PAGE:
En EspaŅol

Q. Who is Mr. Smarty Plants?

A: There are those who suspect Wildflower Center volunteers are the culpable and capable culprits. Yet, others think staff members play some, albeit small, role. You can torture us with your plant questions, but we will never reveal the Green Guru's secret identity.

Help us grow by giving to the Plant Database Fund or by becoming a member

Did you know you can access the Native Plant Information Network with your web-enabled smartphone?

Share

Ask Mr. Smarty Plants

Ask Mr. Smarty Plants is a free service provided by the staff and volunteers at the Lady Bird Johnson Wildflower Center.

Search Smarty Plants
    
 
See a list of all Smarty Plants questions
Can't find the answer in our existing FAQs, submit a question to Mr. Smarty Plants.
Need help with plant identification, visit the plant identification page.
 
rate this answer
2 ratings

Wednesday - July 29, 2009

From: Rusk, TX
Region: Southwest
Topic: Propagation
Title: Propagation of Prunus Mexicana in Rusk TX
Answered by: Barbara Medford

QUESTION:

How do you scarify seeds from the Prunus Mexicana? Can the branches be made to grow roots?

ANSWER:

Prunus mexicana (Mexican plum) is native to Texas and to the area around Cherokee County, so it should do well in your garden.

Here are the Propagation Instructions for Prunus mexicana (Mexican plum) from our Native Plant Database:

"Propagation Material: Softwood Cuttings
Description: Prunus species may be rooted from dormant hardwood, softwood, semi-hardwood, or root cuttings. Semi-hardwood and softwood cuttings taken in summer root easiest. Seeds of P. mexicana require a period of after-ripening followed by cold stratification.
Seed Collection: Collect fruit when it is filled out, firm, and its ripe color. Clean seeds from pulp. Storage viability is maintained at 31-41 degrees. Loses viability rapidly if allowed to dry out after collection and cleaning.
Seed Treatment: For spring sowing, stratify seeds in moist sand for 30-60 days in a greenhouse, then cold stratify (36-41 degrees) for 60-90 days. Plant well before high temperatures."

Sounds like you will be better off with the stratification method, rather than scarifying. Here is information from Suite 101 on How to Cold Stratify Seeds.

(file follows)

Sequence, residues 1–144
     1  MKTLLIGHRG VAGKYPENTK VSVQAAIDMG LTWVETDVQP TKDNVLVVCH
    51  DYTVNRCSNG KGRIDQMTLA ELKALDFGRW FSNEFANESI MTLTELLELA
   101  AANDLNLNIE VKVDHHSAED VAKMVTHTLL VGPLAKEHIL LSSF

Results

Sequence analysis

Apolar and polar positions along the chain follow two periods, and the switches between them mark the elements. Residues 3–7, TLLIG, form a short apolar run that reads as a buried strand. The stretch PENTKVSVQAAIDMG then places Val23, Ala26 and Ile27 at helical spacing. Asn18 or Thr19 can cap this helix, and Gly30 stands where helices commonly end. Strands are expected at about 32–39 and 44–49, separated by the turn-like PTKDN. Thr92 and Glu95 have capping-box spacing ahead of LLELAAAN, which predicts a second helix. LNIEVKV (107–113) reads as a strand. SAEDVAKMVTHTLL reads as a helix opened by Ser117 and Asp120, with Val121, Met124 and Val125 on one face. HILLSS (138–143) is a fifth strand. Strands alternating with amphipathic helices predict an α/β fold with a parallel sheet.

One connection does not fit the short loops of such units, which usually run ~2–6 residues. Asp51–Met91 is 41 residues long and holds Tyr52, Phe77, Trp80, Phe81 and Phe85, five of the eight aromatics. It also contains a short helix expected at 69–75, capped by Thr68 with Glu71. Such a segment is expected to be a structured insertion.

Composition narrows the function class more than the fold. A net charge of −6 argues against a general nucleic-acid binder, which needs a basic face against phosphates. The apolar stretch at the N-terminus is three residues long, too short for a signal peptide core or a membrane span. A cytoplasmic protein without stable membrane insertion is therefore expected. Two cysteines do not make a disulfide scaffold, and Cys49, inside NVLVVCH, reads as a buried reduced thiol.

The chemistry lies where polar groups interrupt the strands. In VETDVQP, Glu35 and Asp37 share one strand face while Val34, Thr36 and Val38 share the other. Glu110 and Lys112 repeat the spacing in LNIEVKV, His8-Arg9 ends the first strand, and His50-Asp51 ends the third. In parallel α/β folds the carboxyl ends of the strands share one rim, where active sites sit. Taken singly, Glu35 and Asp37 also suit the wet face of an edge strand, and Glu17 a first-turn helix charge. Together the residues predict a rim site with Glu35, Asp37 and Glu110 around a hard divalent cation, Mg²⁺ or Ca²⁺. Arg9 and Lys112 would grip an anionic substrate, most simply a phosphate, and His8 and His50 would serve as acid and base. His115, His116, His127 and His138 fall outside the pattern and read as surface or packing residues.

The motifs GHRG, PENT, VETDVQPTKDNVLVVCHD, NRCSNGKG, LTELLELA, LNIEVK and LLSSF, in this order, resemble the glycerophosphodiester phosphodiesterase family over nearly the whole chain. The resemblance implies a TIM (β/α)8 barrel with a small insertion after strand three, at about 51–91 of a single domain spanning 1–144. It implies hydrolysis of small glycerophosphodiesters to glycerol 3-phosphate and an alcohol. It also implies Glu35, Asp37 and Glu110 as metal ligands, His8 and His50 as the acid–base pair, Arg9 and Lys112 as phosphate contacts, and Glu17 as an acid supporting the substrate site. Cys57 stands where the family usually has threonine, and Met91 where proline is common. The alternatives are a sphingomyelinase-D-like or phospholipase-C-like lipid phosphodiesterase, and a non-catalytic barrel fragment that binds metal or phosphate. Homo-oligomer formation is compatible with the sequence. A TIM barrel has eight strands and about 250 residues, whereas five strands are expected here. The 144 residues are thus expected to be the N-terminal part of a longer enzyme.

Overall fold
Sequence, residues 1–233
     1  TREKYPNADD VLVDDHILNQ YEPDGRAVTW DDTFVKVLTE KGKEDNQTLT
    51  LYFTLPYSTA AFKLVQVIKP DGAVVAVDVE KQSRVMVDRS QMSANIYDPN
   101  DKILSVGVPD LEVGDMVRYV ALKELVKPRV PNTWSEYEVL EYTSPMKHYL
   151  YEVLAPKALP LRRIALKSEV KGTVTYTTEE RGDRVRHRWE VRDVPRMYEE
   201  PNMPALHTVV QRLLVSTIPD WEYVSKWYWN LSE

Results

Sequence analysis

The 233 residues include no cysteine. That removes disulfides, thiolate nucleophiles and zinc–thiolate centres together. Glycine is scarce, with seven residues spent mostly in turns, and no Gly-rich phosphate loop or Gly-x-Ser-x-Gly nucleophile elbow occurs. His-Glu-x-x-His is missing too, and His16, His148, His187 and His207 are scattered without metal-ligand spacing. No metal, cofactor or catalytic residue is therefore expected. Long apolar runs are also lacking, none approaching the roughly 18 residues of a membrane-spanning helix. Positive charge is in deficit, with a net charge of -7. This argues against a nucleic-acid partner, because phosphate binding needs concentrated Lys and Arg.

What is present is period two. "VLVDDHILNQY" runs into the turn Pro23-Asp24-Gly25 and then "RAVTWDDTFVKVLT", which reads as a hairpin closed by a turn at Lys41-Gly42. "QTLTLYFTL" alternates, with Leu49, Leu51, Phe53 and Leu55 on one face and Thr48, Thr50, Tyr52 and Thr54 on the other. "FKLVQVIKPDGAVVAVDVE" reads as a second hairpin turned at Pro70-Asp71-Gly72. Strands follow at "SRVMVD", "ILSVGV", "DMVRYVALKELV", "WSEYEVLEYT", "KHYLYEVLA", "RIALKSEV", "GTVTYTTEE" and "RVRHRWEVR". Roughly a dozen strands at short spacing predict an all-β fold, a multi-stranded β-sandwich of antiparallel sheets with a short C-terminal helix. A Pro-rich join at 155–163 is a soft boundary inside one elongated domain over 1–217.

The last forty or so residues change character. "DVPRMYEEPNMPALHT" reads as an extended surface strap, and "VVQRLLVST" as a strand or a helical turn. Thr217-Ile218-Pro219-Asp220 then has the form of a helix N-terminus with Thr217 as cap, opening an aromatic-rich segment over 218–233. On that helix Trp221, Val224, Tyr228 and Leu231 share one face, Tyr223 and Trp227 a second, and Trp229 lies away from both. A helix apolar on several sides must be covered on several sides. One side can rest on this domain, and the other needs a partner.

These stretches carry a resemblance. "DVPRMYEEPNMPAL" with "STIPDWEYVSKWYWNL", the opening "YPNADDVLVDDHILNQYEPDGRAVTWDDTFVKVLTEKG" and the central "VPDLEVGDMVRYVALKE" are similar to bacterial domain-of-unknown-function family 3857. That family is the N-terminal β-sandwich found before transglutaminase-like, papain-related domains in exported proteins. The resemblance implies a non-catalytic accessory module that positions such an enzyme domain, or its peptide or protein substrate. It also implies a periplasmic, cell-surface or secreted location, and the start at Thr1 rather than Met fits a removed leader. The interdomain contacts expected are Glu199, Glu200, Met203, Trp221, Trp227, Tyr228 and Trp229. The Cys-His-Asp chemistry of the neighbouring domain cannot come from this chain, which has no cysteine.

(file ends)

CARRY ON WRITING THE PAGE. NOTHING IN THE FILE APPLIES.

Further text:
You cannot grow a new tree from a branch, but rather from cuttings of wood in various stages, as seen above in the Propagation instructions. For information on rooting cuttings, go to this North Carolina State University Extension website Plant Propagation by Stem Cuttings: Instructions for the Home Gardener. 

See this USDA Plant Profile on Prunus mexicana (Mexican plum) for pictures of the seeds.

\

 

From the Image Gallery


Mexican plum
Prunus mexicana

Mexican plum
Prunus mexicana

Mexican plum
Prunus mexicana

Mexican plum
Prunus mexicana

More Propagation Questions

Adventitious sprouts on oak tree in Austin
April 26, 2010 - Hello, I have an Oak tree which was planted in about 2002, which has adventitious sprouts. The tree has always sent these up, and we cut them off below ground. The tree has always been a 'runt', b...
view the full question and answer

Gregg's Mistflower stressed in Fredericksburg TX
August 07, 2013 - My Gregg's Mist Flower plants are very stressed. The blooms have turned brown and the leaves are drooping. Plants are receiving moderate sun, partial shade. Do they need daily watering this time o...
view the full question and answer

germinating Gulf coast penstemon and purple coneflower
June 03, 2011 - I'm interested in propagating gulf coast penstemon (penstemon tenuis) from seed. Do I have to mascerate the 'berries' to remove the pulp from the seed, and do I have to stratify the seed to get th...
view the full question and answer

Seed source for Carex texensis from Louisville KY
May 02, 2012 - Your reply to my question re a grass for my Kentucky home with cistern only water available was much appreciated, Carex texensis was recommended. I am unable to find this product for sale other than ...
view the full question and answer

Seed collection from rain lilies
May 14, 2008 - Hello, I have some rain lilies growing in our yard. I've collected some seed heads, but am not sure what steps to take now. They were all off of broken stems (the dogs are not as cautious as I am...
view the full question and answer

Smarty Plants's Facebook profile Support the Wildflower Center by Donating Online or Becoming a Member today.

Mr. Smarty Plants wants you to be his Facebook friend. Click the Facebook icon to add yourself to Mr. Smarty Plants list of friends.
E-NEWSLETTER | BECOME A MEMBER | DONATE NOW | MEDIA | SITEMAP | STAFF
© 2015 Lady Bird Johnson Wildflower Center